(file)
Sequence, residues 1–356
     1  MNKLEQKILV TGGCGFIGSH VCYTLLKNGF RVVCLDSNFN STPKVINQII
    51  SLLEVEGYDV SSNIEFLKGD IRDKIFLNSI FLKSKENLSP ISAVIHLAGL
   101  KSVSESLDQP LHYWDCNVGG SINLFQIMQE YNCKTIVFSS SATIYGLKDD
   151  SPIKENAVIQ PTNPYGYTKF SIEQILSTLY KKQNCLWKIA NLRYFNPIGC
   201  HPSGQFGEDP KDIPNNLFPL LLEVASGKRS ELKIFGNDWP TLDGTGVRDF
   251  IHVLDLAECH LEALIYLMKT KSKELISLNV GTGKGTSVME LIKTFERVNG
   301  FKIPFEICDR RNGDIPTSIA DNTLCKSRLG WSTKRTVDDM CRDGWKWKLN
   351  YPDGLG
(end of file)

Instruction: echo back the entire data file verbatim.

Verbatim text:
Sequence, residues 1–356
     1  MNKLEQKILV TGGCGFIGSH VCYTLLKNGF RVVCLDSNFN STPKVINQII
    51  SLLEVEGYDV SSNIEFLKGD IRDKIFLNSI FLKSKENLSP ISAVIHLAGL
   101  KSVSESLDQP LHYWDCNVGG SINLFQIMQE YNCKTIVFSS SATIYGLKDD
   151  SPIKENAVIQ PTNPYGYTKF SIEQILSTLY KKQNCLWKIA NLRYFNPIGC
   201  HPSGQFGEDP KDIPNNLFPL LLEVASGKRS ELKIFGNDWP TLDGTGVRDF
   251  IHVLDLAECH LEALIYLMKT KSKELISLNV GTGKGTSVME LIKTFERVNG
   301  FKIPFEICDR RNGDIPTSIA DNTLCKSRLG WSTKRTVDDM CRDGWKWKLN
   351  YPDGLG